He built his business by playing golf frequently with owners of small- to medium-sized businesses. Sometimes they were fellow chamber members; other times they were his CPA and two clients. Here's the rationale: small-business owners belong to a golf club, but not the best club. They get to play this course only when someone invites them. After playing golf in the morning the agent would buy lunch in the clubhouse. Over lunch he would say: "I would like to call next week and set up an appointment. I have some ideas I would like to share. I think I may be able to save you money." Playing the course and lunching afterward places the business owner under such an obligation that it's difficult for him to say no.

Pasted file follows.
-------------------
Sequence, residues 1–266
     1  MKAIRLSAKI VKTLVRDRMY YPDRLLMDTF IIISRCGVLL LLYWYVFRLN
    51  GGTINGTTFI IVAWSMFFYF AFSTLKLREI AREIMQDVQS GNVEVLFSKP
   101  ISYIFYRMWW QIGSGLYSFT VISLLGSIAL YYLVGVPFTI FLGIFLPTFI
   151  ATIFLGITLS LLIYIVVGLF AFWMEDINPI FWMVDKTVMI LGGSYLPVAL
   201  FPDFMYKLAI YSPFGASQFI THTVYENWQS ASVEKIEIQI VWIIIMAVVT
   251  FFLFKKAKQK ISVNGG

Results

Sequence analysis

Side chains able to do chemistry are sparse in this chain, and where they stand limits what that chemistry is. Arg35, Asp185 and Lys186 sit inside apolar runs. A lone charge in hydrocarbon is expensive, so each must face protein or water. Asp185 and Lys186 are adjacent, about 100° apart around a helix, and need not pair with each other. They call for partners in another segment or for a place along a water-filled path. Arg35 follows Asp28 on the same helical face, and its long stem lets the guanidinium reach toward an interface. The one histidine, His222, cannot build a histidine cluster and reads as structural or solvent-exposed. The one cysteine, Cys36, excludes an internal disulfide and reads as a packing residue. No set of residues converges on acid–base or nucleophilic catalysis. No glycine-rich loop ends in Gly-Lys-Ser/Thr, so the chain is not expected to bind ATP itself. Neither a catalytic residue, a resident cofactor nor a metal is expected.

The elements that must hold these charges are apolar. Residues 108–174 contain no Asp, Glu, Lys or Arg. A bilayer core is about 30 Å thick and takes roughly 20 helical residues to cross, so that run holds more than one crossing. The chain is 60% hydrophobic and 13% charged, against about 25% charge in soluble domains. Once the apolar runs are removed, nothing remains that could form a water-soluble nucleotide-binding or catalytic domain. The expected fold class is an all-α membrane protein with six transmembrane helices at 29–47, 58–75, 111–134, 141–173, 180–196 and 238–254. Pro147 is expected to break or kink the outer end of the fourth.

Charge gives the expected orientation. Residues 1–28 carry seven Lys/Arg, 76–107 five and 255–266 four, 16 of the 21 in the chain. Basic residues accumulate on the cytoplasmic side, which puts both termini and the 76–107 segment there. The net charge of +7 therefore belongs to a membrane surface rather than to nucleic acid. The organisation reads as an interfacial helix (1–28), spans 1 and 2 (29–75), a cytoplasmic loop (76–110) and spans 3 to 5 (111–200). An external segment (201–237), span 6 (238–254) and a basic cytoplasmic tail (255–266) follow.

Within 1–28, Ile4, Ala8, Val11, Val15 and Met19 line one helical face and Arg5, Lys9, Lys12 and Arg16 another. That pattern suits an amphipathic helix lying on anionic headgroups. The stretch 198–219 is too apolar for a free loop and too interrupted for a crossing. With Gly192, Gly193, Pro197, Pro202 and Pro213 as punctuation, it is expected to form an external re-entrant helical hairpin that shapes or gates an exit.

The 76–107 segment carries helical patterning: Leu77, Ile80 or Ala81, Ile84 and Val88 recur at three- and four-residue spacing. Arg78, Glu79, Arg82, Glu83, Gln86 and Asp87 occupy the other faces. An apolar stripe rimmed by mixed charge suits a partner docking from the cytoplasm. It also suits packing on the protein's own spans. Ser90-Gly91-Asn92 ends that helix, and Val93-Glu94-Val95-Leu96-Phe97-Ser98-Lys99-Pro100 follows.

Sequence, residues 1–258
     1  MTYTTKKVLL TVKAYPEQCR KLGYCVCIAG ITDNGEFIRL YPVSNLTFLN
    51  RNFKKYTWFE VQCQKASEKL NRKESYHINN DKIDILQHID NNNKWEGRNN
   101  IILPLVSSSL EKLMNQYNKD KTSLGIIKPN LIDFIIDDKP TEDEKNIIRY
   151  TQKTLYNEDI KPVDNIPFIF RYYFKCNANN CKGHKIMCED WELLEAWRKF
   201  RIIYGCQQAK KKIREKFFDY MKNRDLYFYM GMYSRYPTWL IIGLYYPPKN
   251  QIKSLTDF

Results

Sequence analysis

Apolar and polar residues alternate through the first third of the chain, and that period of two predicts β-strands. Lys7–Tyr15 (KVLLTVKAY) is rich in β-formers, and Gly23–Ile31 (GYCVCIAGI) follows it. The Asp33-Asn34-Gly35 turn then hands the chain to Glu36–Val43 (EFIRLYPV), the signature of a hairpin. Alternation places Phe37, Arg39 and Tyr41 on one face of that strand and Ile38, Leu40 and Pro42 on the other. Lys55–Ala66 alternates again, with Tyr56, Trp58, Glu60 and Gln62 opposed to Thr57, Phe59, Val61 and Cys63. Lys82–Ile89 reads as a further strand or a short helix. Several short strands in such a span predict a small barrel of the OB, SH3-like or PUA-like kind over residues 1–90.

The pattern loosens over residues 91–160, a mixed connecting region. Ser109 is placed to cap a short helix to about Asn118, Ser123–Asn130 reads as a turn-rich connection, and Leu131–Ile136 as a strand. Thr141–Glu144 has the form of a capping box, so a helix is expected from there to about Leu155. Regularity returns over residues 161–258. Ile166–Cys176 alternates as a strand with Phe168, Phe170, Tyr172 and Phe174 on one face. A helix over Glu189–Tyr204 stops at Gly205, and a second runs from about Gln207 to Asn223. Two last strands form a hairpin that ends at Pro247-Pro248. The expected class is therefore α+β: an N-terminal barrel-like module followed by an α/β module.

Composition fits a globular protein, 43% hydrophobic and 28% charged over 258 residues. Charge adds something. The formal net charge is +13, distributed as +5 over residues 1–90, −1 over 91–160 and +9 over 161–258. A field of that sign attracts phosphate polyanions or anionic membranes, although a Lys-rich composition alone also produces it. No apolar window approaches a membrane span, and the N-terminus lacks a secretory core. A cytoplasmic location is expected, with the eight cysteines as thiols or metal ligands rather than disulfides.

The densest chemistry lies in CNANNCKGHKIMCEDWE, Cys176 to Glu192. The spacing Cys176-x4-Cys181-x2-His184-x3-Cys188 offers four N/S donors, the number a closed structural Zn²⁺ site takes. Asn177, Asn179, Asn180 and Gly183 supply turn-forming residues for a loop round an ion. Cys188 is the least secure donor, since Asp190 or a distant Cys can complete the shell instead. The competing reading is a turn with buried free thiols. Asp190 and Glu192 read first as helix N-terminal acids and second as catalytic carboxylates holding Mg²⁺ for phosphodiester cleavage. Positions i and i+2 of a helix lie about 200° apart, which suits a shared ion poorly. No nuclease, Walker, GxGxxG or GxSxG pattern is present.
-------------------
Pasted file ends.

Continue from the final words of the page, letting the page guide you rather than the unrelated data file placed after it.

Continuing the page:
Unlikely Organizations

Besides the big and obvious ones like the chamber of commerce and cultural organizations, what are the opportunities off the radar screen?

Many communities have a volunteer fire company that, in addition to providing a public service, functions as a social club. Some even have their own bar or recreation room. Serving is often a family tradition followed through generations. You'll find business owners, professionals, medical personnel and trades people. It's an ideal opportunity to meet established families. Ambulance squads and animal rescue fit this category too, although with less of a social club aspect. Many towns in agricultural communities have festivals based on their famous product or commodity. California has garlic, artichoke and mushroom festivals. Most towns probably have a 4th of July celebration. This is taken as seriously as the symphony, opera and other cultural events in big cities. The need for volunteers is enormous. They attract almost every ring on the dartboard.